Croatian Journal of Philosophy

Volume 18, Issue 2, 2018

Andrei MărăşoiuOrcid-ID
Pages 367-374

Wisdom and Reason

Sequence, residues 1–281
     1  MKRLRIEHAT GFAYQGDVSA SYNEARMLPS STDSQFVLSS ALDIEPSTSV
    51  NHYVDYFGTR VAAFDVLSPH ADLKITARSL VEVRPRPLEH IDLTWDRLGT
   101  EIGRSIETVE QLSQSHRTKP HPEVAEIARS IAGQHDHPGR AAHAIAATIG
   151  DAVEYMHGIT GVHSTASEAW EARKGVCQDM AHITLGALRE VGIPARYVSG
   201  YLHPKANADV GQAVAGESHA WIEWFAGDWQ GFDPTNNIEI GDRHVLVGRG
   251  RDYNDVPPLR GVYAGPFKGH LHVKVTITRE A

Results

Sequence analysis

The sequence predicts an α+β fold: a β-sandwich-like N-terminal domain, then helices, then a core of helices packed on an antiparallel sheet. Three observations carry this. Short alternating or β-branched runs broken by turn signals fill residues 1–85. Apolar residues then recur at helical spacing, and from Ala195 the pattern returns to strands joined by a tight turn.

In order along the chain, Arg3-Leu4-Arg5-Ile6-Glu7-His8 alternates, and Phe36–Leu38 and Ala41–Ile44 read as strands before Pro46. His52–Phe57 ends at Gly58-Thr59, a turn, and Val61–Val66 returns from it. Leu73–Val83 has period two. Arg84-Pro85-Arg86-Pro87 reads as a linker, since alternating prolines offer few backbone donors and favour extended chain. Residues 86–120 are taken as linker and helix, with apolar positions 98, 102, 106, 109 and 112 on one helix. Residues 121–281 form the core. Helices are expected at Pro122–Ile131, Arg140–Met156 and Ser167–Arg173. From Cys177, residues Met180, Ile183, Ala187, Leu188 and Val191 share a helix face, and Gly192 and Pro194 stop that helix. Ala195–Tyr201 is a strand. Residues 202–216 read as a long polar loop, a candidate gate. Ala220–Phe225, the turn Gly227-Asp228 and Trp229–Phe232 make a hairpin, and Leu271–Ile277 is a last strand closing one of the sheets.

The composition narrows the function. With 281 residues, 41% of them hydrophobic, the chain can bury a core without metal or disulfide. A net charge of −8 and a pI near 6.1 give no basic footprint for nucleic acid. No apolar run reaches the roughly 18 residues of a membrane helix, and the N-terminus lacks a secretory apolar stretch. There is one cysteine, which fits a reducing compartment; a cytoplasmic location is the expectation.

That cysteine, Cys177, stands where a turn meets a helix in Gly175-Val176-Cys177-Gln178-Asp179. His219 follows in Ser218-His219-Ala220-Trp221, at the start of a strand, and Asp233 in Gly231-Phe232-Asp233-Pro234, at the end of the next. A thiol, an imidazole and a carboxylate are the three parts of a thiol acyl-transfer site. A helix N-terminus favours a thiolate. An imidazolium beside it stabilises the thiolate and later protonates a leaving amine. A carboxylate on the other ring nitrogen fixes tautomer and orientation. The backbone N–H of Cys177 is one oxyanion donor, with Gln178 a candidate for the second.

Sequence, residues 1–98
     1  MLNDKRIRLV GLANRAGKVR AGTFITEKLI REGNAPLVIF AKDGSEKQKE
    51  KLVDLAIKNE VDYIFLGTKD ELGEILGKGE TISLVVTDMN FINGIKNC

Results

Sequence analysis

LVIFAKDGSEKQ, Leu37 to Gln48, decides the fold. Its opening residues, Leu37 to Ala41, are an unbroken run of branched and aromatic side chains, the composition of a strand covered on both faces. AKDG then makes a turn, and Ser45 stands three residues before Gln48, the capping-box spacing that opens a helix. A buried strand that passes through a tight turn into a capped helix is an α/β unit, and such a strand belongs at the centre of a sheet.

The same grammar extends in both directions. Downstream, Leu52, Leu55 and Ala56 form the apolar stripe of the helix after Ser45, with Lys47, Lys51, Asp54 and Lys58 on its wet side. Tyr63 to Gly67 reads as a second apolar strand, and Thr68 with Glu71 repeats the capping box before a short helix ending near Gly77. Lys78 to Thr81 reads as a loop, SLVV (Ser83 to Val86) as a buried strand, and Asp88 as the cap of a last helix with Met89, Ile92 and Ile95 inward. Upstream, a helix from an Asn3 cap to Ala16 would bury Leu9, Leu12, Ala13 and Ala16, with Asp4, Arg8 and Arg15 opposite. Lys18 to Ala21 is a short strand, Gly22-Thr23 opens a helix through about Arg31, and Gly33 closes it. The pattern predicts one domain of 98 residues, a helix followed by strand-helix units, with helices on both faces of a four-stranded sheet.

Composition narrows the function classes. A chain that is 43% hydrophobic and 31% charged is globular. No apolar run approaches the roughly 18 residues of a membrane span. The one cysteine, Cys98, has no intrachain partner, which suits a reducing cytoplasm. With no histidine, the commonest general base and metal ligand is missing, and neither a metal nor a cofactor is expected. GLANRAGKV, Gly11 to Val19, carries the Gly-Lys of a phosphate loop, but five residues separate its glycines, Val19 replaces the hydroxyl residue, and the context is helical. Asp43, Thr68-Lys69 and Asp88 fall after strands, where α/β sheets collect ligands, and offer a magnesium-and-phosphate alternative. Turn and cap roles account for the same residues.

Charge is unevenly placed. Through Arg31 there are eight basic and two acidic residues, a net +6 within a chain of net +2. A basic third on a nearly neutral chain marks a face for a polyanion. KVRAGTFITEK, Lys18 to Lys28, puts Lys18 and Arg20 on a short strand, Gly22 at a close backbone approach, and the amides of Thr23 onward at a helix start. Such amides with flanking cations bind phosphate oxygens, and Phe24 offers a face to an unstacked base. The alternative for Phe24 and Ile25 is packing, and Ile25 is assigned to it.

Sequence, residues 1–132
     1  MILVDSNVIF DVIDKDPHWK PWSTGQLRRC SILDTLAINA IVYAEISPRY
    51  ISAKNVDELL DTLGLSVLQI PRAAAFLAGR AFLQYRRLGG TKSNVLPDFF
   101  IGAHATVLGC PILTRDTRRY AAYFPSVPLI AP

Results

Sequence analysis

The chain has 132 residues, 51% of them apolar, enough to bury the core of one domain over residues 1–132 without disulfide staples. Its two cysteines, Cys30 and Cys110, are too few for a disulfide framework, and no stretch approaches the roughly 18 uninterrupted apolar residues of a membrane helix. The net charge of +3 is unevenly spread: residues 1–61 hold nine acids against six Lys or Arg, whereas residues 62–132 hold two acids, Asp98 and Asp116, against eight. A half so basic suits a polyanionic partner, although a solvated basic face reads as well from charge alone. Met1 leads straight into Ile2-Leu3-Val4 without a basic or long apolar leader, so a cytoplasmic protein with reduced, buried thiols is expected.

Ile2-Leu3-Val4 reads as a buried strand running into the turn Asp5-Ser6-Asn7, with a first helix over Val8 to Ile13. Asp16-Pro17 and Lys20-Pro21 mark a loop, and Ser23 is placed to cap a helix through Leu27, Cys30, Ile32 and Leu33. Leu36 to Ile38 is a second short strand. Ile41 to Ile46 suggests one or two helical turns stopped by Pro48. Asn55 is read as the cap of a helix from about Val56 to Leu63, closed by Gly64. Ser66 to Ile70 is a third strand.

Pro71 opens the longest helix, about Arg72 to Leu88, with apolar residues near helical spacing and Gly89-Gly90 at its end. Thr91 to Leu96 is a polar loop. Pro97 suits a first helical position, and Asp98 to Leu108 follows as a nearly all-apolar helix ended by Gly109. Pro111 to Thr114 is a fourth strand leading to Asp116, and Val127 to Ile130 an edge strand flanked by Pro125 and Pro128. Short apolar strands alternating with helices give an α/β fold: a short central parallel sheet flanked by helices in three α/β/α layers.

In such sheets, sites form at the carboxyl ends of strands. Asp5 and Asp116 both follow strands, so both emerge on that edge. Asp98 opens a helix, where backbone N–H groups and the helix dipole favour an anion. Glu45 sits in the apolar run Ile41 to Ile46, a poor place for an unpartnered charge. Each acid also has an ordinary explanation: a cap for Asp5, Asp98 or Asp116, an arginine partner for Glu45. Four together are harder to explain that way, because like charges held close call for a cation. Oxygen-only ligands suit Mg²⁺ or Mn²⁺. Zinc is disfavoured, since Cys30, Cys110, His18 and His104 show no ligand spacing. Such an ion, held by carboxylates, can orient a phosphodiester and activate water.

On Ryan’s (2012) theory of wisdom as deep rationality, to believe or act wisely is to believe or act in a justified way, informed by a body of other justified beliefs about the good life. Ryan (2017) elaborates the view along evidentialist lines: one’s belief or act is justified when it is based on the best available evidence. The resulting package faces counterexamples. Transformative experiences are rational ‘leaps of faith’ (Paul 2014), so the agent’s decision to undergo one is not best supported by the evidence available. Many transformative experiences (such as deciding to become a mother, or choosing a career path) often endow lives with meaning, and agents with a sense of purpose (Wolf 2010). Because so much is at stake, it is sometimes rational for agents to take on the risk involved in transforming themselves. Deciding to undergo such experiences may be wise—even if the evidence available at the time doesn’t positively support that decision. In reply to this challenge, I argue that, instead of evidentialism, Ryan’s view should include virtue theory, which helps explain the seeming counterexamples. I focus on the virtues of openness to experience, and of steadfastness in the face of experience.